Brazil has acquired a new role in the 2000s: offering assistance to other countries in their national development efforts. In the climate negotiations in Copenhagen in 2009, for example, former President Lula da Silva said that Brazil not only would shoulder its own costs of emissions reductions, but might even give resources to poorer countries to do so. This commentary examines Brazil’s experience as an environmental donor, placing it in the context of its emerging donor profile, and arguing that implementation of the promises is still incipient.
Last week, guest blogger Robert Wade sounded the alarm about efforts on the part of some developed country governments to severely restrict the mandate of the UN Conference on Trade and Development (UNCTAD) at the organization’s April 21-26 ministerial conference in Doha, Qatar. We follow up on that post with a sign-on letter from former UNCTAD senior staff members urging that the institution’s broad mandate be maintained, as a critical source of heterodox economic thinking and policy analysis. We reprint their letter and signatories below.
Statement by former staff members of UNCTAD
Geneva, 11 April 2012
Silencing the messageor the messenger …. or both?
Since its establishment almost 50 years ago at the instigation of developing countries UNCTAD has always been a thorn in the flesh of economic orthodoxy. Its analyses of global macro-economic issues from a development perspective have regularly provided an alternative view to that offered by the World Bank and the IMF controlled by the west.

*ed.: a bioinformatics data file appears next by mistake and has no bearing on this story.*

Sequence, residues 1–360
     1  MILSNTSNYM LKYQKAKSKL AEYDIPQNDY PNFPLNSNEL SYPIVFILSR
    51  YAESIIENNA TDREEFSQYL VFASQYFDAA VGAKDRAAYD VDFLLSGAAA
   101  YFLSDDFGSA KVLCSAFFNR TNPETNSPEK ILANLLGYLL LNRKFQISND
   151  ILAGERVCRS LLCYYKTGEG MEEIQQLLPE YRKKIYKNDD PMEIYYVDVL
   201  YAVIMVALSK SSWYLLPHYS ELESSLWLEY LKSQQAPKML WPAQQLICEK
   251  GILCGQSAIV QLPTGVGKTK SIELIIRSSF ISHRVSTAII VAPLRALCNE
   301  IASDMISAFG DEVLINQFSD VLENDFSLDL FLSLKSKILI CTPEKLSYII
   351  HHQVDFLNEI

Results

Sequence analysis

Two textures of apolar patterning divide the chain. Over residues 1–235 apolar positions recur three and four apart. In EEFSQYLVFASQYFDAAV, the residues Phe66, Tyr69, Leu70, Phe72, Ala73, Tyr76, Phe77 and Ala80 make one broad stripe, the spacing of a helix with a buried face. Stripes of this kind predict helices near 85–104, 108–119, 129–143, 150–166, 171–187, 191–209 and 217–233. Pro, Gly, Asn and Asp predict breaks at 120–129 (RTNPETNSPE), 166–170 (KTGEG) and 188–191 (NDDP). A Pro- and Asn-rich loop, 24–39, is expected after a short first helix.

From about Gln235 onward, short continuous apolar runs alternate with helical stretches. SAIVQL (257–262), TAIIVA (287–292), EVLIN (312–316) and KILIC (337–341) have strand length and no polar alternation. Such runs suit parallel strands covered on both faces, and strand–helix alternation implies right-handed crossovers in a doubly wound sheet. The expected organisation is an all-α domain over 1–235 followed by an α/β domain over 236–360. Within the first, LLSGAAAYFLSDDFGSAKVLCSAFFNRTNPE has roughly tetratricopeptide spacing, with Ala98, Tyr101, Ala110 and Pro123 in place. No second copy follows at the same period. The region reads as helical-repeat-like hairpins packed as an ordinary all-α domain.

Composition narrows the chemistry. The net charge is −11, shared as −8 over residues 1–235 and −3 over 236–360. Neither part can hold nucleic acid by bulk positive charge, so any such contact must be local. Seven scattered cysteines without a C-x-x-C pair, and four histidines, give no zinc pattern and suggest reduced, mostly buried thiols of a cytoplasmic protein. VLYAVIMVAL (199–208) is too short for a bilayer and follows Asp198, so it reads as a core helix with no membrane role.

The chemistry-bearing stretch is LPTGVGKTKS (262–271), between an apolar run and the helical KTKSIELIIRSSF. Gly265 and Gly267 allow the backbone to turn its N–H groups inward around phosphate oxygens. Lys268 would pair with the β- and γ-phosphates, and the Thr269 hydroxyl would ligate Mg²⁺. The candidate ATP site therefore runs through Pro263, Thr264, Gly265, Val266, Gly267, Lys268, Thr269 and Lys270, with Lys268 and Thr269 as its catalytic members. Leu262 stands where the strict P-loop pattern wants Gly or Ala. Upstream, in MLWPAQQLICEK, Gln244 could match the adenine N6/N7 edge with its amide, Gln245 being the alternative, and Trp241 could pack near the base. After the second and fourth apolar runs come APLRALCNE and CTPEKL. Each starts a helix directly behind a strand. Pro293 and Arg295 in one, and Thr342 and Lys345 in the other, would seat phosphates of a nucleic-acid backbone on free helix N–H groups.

Now efforts are afoot to silence that voice. It might be understandable if this analysis was being eliminated because it duplicated the work and views of other international organizations, but the opposite is the case – a few countries want to suppress any dissent with the prevailing orthodoxy.
Every market is a process of social and power relationships. In every market there are price makers and price takers. The oil market, however, is no ordinary market, and the struggle to control the oil market, therefore, is no ordinary struggle. With oil being rudimentary to global accumulation and the monetary system remaining in part commodity-based, the degree of control of the oil market translates into some degree of enhanced power in all other markets. But to control an oil market, the principal player, which is undoubtedly the US, has to develop a strategy of intervention at the source, military or otherwise, which cuts down to size other players. Consequently, the extent to which the US infuses tensions in oil producing areas, calibrates the degree to which oil-states relinquish sovereignty over oil and keeps at bay other major players are measures that represent the collateral necessary to lay the foundation of the oil-dollar standard. This unending power exercise constitutes the cornerstone of the commodity-money or, more concretely, oil-dollar based global monetary system.